The Book of Esther illustrates how narrative (storytelling) can communicate spiritual truths.
The king spares Esther’s life by extending his sceptre.
Human thought is narrative in nature. Every individual thinks of his or her life as a story. Most people find it fairly easy to go through life as long as their particular story has purpose and direction. Let the story lose its plot though and the stage is set for serious problems. One could argue that many personal and social problems are traceable to the bad story lines that fill the minds and hearts of children and adults. Many of the individual and collective pathologies of tomorrow have their roots in the stories and story lines that absorb people today.
Storytelling is crucial to moral training and the building of character. In the place of wholesome stories that build up, people can unwisely focus on “de-moralizing” tales that tear away the moral courage of those who hear them. The plots in such stories often involve bizarre situations with moral dilemmas that leave hearers confused over basic issues of right and wrong. The “heroes” are not the larger-than-life heroes of yesteryear who exhibit the positive qualities of courage, integrity, and faithfulness in measures bigger than that found in everyday life. Rather, they are smaller-than-life “anti-heroes” who display negative qualities in degrees that would be difficult if not impossible in normal life.
For good or ill, stories allow people to “overhear” messages they would reject if they were confronted directly by them. One person can tell another person that life’s not worth living and have that message rejected. Recast that same message in stories though and it will more likely be accepted. Similarly, one person can tell another that every day is an opportunity to experience and share God’s grace and be met with skepticism. But recast that same message in stories and the probability of eventual agreement is increased. So for good or ill, stories have a way of sidestepping the objections that dogmatic assertions inspire and of succeeding where plain statements may fail. (Note how Nathan used a story to convict David of his sin with Bathsheba.)
Although Esther is a favorite story among Jews, many Christians haven’t quite figured out what to do with it. There were no Christian commentaries written on Esther during the first 700 years of the church’s existence. Luther and Calvin, who were prolific writers, left no commentaries on Esther. Why? The failure of Esther to directly mention God and Esther’s apparent endorsement of vengeance on one’s enemies are frequently cited. Another factor was that many viewed Esther with suspicion because it portrays Jews in a good light. Unlike the portrayals of Jews and Israelites in other books of the OT, Esther and Mordecai are portrayed in Esther as thoroughly noble characters, not like David, Solomon, etc. who are shown as heroes with feet of clay. Apart from these objections, Esther presents a problem because it raises a major question about the role of narrative in Scripture.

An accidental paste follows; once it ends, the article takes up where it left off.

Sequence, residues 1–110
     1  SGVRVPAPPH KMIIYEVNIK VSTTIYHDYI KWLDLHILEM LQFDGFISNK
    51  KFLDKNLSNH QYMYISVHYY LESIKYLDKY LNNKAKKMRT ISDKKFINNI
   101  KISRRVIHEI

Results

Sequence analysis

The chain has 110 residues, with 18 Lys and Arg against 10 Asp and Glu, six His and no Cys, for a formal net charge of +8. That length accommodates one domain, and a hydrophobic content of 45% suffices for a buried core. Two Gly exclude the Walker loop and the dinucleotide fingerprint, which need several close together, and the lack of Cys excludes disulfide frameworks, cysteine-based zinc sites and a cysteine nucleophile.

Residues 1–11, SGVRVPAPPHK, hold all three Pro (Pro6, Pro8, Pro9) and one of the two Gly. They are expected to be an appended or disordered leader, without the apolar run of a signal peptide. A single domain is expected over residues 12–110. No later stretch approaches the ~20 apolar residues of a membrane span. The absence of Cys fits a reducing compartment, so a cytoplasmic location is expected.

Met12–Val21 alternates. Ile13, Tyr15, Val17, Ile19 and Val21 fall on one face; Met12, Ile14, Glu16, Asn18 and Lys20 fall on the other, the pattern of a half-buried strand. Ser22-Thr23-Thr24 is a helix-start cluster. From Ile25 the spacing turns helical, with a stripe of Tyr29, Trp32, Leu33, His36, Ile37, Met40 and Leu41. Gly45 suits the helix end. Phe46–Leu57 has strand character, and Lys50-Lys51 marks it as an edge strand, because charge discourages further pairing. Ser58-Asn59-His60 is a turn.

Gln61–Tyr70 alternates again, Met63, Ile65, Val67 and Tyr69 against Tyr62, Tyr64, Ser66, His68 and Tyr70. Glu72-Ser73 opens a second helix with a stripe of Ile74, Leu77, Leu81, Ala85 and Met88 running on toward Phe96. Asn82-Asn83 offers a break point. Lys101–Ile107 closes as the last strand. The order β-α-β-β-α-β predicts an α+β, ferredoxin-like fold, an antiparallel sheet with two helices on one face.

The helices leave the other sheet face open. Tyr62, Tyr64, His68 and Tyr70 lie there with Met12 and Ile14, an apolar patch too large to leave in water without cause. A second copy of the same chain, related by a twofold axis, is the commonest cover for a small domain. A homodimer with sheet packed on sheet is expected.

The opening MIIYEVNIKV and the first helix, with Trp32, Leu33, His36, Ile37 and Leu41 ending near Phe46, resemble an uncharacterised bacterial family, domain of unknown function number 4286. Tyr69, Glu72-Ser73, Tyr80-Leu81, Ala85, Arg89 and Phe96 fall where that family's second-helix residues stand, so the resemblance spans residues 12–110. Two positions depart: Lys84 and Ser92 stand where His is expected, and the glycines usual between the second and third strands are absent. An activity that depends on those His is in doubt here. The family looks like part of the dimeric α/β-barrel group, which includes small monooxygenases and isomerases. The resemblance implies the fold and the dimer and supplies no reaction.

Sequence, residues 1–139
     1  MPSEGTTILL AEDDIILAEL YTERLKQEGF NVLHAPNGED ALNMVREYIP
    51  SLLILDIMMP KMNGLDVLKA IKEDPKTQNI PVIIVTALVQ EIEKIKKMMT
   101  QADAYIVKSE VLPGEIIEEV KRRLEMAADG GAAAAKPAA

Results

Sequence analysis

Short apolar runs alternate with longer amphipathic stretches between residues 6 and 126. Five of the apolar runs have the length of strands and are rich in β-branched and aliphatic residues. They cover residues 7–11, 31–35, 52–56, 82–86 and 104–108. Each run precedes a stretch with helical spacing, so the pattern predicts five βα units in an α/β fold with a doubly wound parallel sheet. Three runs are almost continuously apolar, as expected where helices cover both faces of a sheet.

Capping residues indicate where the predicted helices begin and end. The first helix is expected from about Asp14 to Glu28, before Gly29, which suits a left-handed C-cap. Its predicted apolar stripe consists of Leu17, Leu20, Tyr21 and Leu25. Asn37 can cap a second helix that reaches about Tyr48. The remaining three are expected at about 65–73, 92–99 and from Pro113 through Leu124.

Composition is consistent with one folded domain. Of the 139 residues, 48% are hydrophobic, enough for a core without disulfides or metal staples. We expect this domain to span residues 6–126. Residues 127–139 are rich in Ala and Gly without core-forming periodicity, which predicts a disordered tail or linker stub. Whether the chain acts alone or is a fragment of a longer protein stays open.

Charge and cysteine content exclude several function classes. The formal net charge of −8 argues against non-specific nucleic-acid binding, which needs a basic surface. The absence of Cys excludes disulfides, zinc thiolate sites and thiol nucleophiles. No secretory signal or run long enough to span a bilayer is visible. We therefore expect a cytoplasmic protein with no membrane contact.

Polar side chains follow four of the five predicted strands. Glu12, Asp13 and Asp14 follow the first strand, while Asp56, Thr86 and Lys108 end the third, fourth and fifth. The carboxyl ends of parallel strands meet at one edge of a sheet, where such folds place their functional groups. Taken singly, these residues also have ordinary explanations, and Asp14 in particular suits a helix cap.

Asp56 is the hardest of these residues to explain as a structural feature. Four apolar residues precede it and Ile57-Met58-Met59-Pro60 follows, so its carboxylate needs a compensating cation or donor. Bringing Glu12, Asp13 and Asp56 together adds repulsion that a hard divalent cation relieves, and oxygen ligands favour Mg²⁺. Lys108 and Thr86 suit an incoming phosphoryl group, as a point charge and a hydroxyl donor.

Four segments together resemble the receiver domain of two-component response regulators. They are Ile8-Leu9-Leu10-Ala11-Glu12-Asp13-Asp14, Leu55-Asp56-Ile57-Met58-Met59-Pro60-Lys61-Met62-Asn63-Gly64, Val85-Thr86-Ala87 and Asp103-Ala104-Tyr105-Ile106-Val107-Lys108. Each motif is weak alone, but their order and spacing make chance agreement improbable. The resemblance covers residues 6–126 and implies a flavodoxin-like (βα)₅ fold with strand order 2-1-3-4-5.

Esther is not like Leviticus, nor is it like Romans. Laws like those in Leviticus are easy to interpret; theology like Romans is less so, but what do you do with a story?
The answer is that you read it in terms of the author’s purpose. That’s easy to say, but it’s not always easy to do. What is the author’s purpose in writing Esther? It’s certainly possible to get his message wrong. For example, someone might come away from Esther thinking that the example of Xerxes and Vashti establishes a legitimate ground for divorcing one’s wife or that the example of Xerxes and Esther teaches that physical beauty is the primary qualification of a good wife. Someone else might say that the purpose is to show how to plan for the future; i.e., by rolling the dice as Xerxes did. Such misapprehensions are wrong to the point of being comical– too bad the right answers aren’t always so easy to identify. In the case of narrative, there’s always the danger of missing the message; e.g., the natives who thought Judas was a hero when they first heard the gospel. Thus we have the importance of “reading in communion.” In listening to the story of Esther, we find ourselves in the same position of those who listened to the parables of Jesus.
Another mistake in interpreting narrative like Esther is to become too wrapped up in questions of historical accuracy. The existence of Purim is very difficult to explain if Esther has no connection with history. There is much evidence to vindicate the historicity of Esther (e.g., discovery of dice bearing “puru,” profane history’s confirmation of Xerxes’ character, etc.), but focusing on it as history misses its value. Esther is most important because of its themes.
Theme: God’s hidden presence and divine providence in the midst of the most trying and dangerous circumstances. There are two worldviews in Esther: one based on fate; e.g., the practical atheist Haman; the other based on providence; e.g., Mordecai and Esther. Secondary themes include (1) the way Jews should conduct themselves (be good citizens) in the midst of foreigners and (2) the importance of faithfulness even among those who find themselves at the periphery of Jewish life and expectations.
Theology: The theology of Esther is that (1) God works providentially; (2) God’s presence if often hidden; (3) God’s people must be willing to risk their personal comfort; and when push comes to shove, (4) loyalty to God is what counts. All of these could be stated dogmatically, but in that format, they could easily be rejected. All of that theology and all of those themes have been woven into the memorable book of Esther, and because of that memorable story, millions have been inspired by the larger-than-life heroics of Mordecai and Esther, a story that, once read, will find an important place in one’s own story.